Cohousing can facilitate a range of potential interactions between residents, neighbors, and the surrounding community, with spaces designed for differing degrees of publicness.
“Some people want to live where the action is. Others want more isolation.” This personal preference can easily accommodated within a community through proximity to the Common House. The homes closer will likely be occupied by people that become the community caretakers or “gatekeepers” who know each of the community members well. Likewise, the families further away may form closer ties with their immediate neighbors.
One can observe the degree of publicness residents are comfortable with by looking at the items placed in the public areas. At Drivhuset, some residents deﬁne personal space with landscaping while others required no barriers. Similarly at Ǻdalen, some residents placed benches outside their units while others placed a table and chairs. Given the narrow street section, residents who desired more privacy recessed seating areas into their entry alcove. At Leerbjerg Lod the patios outside each unit demonstrated varying levels of desired privacy - some were very open with low plantings while others were secluded by tall hedges.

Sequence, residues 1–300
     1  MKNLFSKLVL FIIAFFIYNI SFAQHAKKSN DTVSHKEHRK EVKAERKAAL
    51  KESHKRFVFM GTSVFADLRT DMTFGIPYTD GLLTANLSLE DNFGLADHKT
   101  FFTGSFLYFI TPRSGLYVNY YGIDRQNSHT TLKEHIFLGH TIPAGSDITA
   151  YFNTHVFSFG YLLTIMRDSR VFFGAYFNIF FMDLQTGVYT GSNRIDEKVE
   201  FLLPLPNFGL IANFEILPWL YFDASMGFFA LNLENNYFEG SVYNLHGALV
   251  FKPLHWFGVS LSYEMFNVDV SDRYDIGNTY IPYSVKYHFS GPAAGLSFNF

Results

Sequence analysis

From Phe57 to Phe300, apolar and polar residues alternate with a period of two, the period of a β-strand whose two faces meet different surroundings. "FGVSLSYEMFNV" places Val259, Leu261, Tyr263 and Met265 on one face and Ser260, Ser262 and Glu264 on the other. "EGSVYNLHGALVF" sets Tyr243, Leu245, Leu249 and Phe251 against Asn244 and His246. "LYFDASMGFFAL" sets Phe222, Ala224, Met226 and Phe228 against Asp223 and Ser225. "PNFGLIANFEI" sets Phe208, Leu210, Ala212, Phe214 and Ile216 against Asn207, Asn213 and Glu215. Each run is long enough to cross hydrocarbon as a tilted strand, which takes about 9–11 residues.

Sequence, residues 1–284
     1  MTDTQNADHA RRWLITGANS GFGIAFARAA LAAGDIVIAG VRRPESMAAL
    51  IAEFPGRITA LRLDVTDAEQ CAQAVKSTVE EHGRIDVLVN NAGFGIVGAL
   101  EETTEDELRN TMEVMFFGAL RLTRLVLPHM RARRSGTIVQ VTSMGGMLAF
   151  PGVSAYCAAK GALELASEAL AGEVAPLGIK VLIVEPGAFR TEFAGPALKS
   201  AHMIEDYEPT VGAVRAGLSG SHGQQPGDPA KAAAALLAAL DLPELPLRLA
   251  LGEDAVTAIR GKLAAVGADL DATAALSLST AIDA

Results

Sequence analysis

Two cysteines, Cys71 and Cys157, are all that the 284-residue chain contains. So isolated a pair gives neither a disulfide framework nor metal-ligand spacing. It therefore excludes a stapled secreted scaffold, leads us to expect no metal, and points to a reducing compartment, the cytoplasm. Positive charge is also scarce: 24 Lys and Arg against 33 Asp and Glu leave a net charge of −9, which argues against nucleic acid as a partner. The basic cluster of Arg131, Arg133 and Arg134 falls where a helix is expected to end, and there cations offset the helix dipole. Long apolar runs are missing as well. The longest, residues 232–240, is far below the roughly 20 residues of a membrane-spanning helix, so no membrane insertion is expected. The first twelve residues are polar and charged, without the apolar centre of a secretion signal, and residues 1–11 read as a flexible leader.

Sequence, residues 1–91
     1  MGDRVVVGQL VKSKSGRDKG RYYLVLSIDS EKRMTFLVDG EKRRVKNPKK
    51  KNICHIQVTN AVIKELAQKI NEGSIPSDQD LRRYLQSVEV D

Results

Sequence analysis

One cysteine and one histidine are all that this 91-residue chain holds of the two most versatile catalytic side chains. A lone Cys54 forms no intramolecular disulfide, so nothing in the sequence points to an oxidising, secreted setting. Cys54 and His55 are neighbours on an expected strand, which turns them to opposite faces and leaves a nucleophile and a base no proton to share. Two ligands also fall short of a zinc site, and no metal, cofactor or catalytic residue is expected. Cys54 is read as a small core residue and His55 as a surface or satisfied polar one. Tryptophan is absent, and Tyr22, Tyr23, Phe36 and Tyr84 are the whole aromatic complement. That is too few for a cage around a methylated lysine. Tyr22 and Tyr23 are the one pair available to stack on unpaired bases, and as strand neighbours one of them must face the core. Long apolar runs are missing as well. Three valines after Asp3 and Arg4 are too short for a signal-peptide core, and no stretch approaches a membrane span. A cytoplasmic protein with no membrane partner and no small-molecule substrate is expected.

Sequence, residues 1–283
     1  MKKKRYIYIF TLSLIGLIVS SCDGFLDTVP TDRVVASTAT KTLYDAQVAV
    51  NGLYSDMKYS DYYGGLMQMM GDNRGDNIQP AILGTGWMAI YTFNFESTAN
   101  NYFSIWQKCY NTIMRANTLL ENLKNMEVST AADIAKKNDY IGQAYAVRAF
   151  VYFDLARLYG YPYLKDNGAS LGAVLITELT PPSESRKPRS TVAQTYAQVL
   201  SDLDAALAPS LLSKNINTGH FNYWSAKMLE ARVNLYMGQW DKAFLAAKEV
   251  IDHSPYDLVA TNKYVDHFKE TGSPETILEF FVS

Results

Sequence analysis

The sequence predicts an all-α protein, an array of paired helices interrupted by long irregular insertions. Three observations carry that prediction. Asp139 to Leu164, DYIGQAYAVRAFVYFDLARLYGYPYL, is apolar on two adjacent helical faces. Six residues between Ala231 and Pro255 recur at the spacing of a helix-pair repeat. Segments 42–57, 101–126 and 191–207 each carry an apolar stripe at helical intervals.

This series of blog posts is focused on explaining common design patterns in cohousing. Grace Kim, a founding principal and owner of Schemata Workshop, has identified patterns applicable to cohousing from "Pattern Language" by Christopher Alexander and has added some of her own.
Grace's additional patterns pay particular attention to the Common House because its design requires special consideration. As the living room for the community, the Common House sets the initial impression for visitors about what cohousing is, what your community values might be, or the perceived benefits of living in community. Schemata Workshop has analyzed scores of common houses in Denmark and North America to discern what does and does not work. Following Alexander's concept of Pattern Language, Grace has thoroughly documented the necessary programmatic and design elements for a successful Common House.
To learn more about cohousing at Schemata, visit our cohousing page.